The report states that "comparatively low citations to the journal, in combination with a fairly low priority for enhancement of journal coverage in this extremely crowded discipline led to [the] decision not to accept the journal for coverage at this time." As we all know, it is true that the economics field is overcrowded with journals and it is also true that the performance of ESR may not be overwhelmingly spectacular, it being a relatively new journal in (again) an overcrowded discipline. The decision is even more painful because the SSCI database contains many economics journals that have a performance that is much worse than that of ESR.
In my opinion, both reasons for declining ESR can be seriously questioned. First, ESR is filling a gap in the list of journals. It is the major journal in the field of input-output analysis. Although the larger part of the contributions in this subdiscipline belongs to the field of economics, there are also contributions from the fields of sociology, management science, demography, and applied mathematics. Of course, papers in input-output analysis do appear in other journals as well, but this seems to occur much less than before, now that researchers know about ESR. All this implies that not including ESR means that a whole subdiscipline (with a high practical relevance) is simply neglected.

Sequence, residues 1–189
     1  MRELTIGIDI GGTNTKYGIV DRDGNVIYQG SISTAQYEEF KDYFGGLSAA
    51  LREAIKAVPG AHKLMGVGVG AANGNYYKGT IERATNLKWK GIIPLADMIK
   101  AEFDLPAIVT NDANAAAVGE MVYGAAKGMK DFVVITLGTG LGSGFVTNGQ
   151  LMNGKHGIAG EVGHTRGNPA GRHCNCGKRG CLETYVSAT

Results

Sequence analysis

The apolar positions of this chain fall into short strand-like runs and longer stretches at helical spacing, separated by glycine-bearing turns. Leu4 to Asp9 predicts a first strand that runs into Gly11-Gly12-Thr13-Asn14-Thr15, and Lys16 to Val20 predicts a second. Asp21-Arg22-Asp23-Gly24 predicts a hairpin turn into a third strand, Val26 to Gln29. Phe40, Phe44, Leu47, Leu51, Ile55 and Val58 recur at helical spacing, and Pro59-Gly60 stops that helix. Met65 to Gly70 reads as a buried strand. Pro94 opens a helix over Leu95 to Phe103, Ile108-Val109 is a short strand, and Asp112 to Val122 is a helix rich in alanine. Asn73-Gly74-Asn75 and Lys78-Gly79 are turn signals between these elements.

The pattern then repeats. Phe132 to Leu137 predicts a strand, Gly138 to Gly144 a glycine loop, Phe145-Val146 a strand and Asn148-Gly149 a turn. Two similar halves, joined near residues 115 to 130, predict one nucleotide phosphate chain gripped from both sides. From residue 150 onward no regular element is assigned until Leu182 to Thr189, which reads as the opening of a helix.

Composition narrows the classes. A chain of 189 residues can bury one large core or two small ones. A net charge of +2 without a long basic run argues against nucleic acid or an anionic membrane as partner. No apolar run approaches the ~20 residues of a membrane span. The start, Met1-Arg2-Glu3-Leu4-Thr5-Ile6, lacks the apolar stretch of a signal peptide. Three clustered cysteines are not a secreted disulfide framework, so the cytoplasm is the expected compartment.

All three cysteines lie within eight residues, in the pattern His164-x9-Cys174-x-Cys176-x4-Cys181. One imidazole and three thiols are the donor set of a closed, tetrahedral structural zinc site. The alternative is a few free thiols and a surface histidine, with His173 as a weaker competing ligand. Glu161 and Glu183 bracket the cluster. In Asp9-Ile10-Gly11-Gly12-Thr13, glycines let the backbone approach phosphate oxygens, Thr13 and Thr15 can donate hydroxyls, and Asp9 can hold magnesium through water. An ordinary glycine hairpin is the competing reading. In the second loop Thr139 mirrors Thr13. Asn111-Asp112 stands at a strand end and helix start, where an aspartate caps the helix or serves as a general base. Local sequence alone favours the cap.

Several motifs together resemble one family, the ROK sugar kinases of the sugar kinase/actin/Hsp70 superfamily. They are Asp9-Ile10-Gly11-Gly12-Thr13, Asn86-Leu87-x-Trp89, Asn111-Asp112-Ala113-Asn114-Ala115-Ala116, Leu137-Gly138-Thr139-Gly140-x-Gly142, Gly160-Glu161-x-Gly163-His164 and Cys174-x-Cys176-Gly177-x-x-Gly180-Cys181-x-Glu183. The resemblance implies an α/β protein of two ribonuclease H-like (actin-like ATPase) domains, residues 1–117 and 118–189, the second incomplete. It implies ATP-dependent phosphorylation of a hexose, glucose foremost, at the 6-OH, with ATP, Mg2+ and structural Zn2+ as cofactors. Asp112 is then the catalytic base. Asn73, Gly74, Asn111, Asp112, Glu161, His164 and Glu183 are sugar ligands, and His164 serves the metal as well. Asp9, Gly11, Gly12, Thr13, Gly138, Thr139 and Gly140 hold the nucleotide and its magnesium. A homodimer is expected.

Second, to my knowledge the SSCI impact factor is obtained as follows. The impact factor for year t is the number of citations in year t, citing articles published in the years t-1 and t-2, divided by the number of published articles in the years t-1 and t-2. Citations are those found in the SSCI database. In 1999, for example, there were 21 citations in ESR of articles published in ESR in 1997 and 1998. The total number of articles in these two years was 49. So, if ESR had already been included in the SSCI database, its impact factor would have been at least 21/49 = 0.43. If the citations in other journals are added, the impact factor becomes 0.70, which is remarkably high for an economics journal. This indicates that for a specialized journal that is not included, it will be extremely difficult to ever get covered by the SSCI. Their evaluation does not take account of "own" citations, which are very relevant in the case of specialized journals. All this means that we will have to wait for the re-evaluation that starts in January 2003.
In 2000 we had - because of the Macerata